SEOUL--Public opinion in South Korea and Japan is sharply split over the prospects of North Korea dismantling its nuclear arsenal anytime soon.

While a majority of South Koreans are optimistic the issue can be resolved over the next decade, close to two-thirds of Japanese believe that will be difficult.

This was a key finding of a public opinion survey carried out jointly by two private-sector groups.

The views of about 1,000 respondents in each of the two nations were canvased, and the findings were announced June 18.

The annual poll by Genron NPO, a Japanese nonprofit think tank, and the East Asia Institute, a South Korean think tank, was carried out between mid-May and early June, after South Korean President Moon Jae-in's historic first meeting with North Korean leader Kim Jong Un in April.

Respondents were asked if they thought North Korea would ultimately scrap its nuclear warheads, a precondition set by the United States for forging diplomatic relations with the reclusive country.

In South Korea, those who felt the issue could be resolved came to 60.6 percent, with 3.8 percent optimistic that this would be achieved by the end of 2018. However, 13.8 percent felt two years was more likely, 21.6 percent cited five years and 21.4 percent said after a decade.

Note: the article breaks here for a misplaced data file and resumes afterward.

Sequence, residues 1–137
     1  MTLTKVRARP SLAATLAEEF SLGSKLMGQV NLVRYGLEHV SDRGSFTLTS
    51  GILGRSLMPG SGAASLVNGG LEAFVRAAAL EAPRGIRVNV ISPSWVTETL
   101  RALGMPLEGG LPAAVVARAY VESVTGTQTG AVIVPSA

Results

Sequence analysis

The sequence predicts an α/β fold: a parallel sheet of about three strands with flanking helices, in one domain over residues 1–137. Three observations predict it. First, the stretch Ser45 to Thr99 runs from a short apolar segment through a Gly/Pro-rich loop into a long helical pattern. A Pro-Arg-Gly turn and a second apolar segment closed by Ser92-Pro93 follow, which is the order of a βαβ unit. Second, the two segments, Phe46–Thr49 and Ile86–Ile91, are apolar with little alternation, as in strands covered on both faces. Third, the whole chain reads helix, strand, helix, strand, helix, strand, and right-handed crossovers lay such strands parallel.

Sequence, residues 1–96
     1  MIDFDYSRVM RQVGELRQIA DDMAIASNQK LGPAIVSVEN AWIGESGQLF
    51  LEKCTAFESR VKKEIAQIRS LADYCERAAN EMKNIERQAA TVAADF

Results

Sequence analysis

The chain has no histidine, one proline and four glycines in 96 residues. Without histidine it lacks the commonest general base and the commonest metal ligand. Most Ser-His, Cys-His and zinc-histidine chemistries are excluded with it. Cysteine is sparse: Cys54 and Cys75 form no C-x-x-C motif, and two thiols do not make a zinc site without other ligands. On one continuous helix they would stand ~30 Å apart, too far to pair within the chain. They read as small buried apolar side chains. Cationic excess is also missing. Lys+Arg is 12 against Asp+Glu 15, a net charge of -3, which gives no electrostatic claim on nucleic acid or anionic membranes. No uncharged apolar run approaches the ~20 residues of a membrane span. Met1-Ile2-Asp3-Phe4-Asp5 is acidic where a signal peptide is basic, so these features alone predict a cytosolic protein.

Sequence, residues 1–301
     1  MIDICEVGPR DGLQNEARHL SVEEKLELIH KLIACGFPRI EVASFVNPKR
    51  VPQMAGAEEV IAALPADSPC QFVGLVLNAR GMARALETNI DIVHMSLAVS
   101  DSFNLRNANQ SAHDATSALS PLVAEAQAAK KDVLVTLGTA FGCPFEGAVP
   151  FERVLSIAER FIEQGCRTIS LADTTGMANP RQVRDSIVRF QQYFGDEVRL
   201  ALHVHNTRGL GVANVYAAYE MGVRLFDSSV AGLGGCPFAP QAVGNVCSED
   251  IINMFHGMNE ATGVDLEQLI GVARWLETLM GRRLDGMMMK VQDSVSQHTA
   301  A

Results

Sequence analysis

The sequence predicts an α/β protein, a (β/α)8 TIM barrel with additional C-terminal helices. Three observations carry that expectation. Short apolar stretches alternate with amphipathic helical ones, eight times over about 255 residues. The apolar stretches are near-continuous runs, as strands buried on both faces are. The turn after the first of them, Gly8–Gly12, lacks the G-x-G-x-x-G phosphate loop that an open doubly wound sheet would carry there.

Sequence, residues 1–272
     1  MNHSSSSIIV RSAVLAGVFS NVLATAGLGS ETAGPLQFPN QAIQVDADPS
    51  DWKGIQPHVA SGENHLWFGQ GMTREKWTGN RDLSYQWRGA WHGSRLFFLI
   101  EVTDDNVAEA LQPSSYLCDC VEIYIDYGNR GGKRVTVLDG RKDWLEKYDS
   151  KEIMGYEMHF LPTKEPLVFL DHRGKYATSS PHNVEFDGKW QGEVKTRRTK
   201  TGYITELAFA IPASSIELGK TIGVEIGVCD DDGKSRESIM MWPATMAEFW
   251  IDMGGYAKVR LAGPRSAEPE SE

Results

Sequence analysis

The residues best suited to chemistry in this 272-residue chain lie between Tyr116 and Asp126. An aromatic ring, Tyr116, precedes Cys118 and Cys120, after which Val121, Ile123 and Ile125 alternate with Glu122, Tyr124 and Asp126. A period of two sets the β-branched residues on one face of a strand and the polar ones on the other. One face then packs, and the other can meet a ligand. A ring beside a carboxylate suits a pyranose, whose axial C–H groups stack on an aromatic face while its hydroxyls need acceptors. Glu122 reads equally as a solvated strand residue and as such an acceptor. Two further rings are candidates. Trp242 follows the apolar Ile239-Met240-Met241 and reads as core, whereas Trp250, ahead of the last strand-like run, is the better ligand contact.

The overall percentage of optimistic answers was more than double the 28.7 percent from last year's survey.

In contrast, only 10.2 percent of Japanese respondents said the North Korean nuclear issue would be resolved, with 65.1 percent saying it would be difficult to achieve. In last year's survey, only 7.4 percent of Japanese respondents said the issue would be resolved, while 68.9 percent said it would be difficult.

Respondents in the two countries were also asked how they felt about the other nation.

The percentage of South Korean respondents who held a negative impression of Japan fell from the 56.1 percent of 2017 to 50.6 percent. The percentage of Japanese respondents with a negative image of South Korea also dropped slightly from 48.6 percent last year to 46.3 percent.